How Long Does Fermentation Take To Start?

How Long Does Fermentation Take To Start?

I remember my first batch of homemade beer. I brewed it, pitched the yeast, put the lid on the white bucket, put on the blue lid and topped it off with an airlock. I put it away in the closet, closed the door and immediately started wondering how long it would take for the fermentation to start. I saw videos online of airlocks filled with bubbles, I wanted to know when my airlock would have the same activity.

The answer is that it’s going to take at least 12-36 hours for the yeast to start showing signs of fermentation.

Before the yeast even start turning your wort into beer, they go through a phase called respiration. I know, it reminds me of high school biology too and I would’ve paid more attention if the course materials included making beer.

Respiration lasts between 4-8 hours and there won’t be much for you to see during this period. According to Charlie Papazian in The Complete Joy Of Homebrewing it’s during this period where the yeast gain and store energy for future activities and reproduction.

After respiration is complete, you’ll start to see some action. This is the fermentation, where the yeast turn the sugars in the wort to alcohol.

The exact time varies because of these factors:

  • Temperature: If you’re yeast are too cold, they’re going to work slower. If they’re warmer, they’re going to work faster, just make sure the yeast aren’t too hot. If the temperature is too high in the fermenting bucket, it could lead to some problems in the final product. Make sure you keep your beer within the recommended rage on the yeast packaging or in the recipe.
  • Oxygen Levels: The more oxygen in your wort, the happier the yeast will be and the faster they’ll work. Make sure you properly oxygenate your wort before pitching the yeast.
  • Type Of Yeast: Some yeast types work faster than others based on their natural metabolism. However, you can’t just change to a different kind of yeast to get faster results. You need a specific type of yeast to get a specific style of beer. However, you can create a yeast starter to see better results quicker.
  • Amount Of Yeast: If there’s not enough yeast, they’re going to have to spend more time reproducing instead of fermenting your wort. This goes back to the last factor and creating a yeast starter. Some yeast and some recipes need a starter.
  • High Gravity Beers: The more fermentable sugars in the wort, means that there’s more work for the yeast to do. Higher gravity beers may need a yeast starter.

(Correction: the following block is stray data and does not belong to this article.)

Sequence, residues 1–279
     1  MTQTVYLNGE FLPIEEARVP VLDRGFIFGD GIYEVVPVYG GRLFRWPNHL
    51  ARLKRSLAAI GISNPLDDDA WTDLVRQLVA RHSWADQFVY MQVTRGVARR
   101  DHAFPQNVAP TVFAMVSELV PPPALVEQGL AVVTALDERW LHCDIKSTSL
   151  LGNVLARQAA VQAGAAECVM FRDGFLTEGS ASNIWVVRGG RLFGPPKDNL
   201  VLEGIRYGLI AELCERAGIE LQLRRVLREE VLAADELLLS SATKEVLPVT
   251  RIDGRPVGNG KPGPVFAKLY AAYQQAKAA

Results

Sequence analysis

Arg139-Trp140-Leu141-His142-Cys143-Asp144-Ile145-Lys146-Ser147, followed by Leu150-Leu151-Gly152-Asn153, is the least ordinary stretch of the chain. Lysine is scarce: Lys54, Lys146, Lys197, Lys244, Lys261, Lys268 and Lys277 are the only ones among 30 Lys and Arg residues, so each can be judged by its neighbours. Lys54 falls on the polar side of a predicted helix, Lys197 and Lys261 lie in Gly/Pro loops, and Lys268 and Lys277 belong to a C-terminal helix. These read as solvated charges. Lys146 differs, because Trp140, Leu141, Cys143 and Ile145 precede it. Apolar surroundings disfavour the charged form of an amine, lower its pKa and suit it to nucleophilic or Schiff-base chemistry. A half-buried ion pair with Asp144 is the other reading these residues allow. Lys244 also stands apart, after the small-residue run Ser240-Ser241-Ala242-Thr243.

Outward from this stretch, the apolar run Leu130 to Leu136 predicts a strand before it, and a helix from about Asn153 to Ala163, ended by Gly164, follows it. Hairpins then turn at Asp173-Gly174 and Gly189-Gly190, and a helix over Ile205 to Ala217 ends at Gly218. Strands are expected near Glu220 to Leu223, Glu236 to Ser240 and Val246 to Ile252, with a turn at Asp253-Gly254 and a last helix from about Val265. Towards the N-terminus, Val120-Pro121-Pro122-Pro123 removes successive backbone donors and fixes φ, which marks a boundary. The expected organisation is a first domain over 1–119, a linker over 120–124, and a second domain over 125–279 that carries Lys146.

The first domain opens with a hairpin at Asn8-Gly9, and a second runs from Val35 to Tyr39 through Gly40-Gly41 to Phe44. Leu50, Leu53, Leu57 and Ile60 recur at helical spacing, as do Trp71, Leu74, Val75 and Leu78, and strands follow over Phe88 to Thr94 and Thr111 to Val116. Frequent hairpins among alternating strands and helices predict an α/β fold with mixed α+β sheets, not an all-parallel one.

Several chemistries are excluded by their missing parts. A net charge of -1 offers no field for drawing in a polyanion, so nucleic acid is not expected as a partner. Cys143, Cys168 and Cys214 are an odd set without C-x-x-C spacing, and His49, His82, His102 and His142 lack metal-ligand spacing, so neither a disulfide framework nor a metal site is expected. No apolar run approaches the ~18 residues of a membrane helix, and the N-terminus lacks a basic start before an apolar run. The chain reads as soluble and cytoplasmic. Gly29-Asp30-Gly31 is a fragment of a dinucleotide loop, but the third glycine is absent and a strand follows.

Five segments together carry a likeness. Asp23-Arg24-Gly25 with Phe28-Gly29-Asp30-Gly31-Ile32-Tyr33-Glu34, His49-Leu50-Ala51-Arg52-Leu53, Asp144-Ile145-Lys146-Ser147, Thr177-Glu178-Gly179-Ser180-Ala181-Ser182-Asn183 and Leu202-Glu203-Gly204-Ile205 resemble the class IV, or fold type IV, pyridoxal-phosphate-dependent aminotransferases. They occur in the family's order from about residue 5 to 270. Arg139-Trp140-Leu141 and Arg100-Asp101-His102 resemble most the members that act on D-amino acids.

• Water: For more beginner to intermediate homebrewers, you won’t have to worry about your water. However, once you get into the more technical aspecits of brewing, you may want to take control of your water if it has high levels of pH, minerals, etc because they can affect the yeast, among other aspects of the beer.

If you don’t see any activity within the 12-36 hour window, don’t start worrying yet! Relax and have a beer instead. Then do a gravity reading and see if the levels have changed since you to the original gravity reading.

According to the yeast manufacturer Wyeast Laboratories, if you don’t see a gravity change, you should make sure the temperature is warm enough for the yeast, then shake the bucket or carboy to see if that will bring the yeast to life.

If there’s still no signs of life after 12 hours, it might be time to run to the local homebrew shop and pick up a new pack of yeast.

A similar question you might have is:

I Don’t See Any Bubbles Or Activity In The Airlock Is My Beer Fermenting?

Check out this blog post: Airlock Questions Answered: No Bubbles? Bubbling Done?

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I'm a former coffee blogger, but I’ve been getting to know some really good craft beers and really getting into home brewing. I couldn’t resist starting this little project called Passion For The Pint. When I’m not blogging about coffee or beer, you can find me exploring New Orleans’ wide range of eateries, rooting for the New York Yankees (don’t hate me, I’m originally from New York), working out to burn off the beer calories or reading about beer.


  1. I sometimes assist my dad when he homebrews. When we finally bottle the stuff, there’s really not much action in it at all. So we add a little more sugar in the bottling process. It still seems to take a while to ferment while in the bottle. We never can seem to get a real decent head with good retention.

  2. I have just made an all grain brew last night and don’t have any action at the minute, been around 12 hours, I used two 11g packets for 50litres, should that be enough?

  3. As long as the wort is 70 or below, and the yeast
    is fresh. It should kick in within 24 hours, sometimes longer. After 36-48 hours, get some more yeast and pitch it again.

  4. Something to note on free oxygen levels, in ‘brewing’ yeast only use free oxygen during their initial aerobic (with oxygen) respiration phase to build up ATP energy stores, once the oxygen is depleted the yeast switches to the anaerobic (lack of oxygen) fermentation phase and actually produces the desired alcohol. This is why it’s important to introduce free oxygen right before pitching the yeast, but also equally important to deprive the yeast of any additional free oxygen at some point so that the yeast creates the desired alcohol and doesn’t eat through the sugars simply stockpiling it’s ATP energy reserves, as it would do if not deprive of free oxygen.

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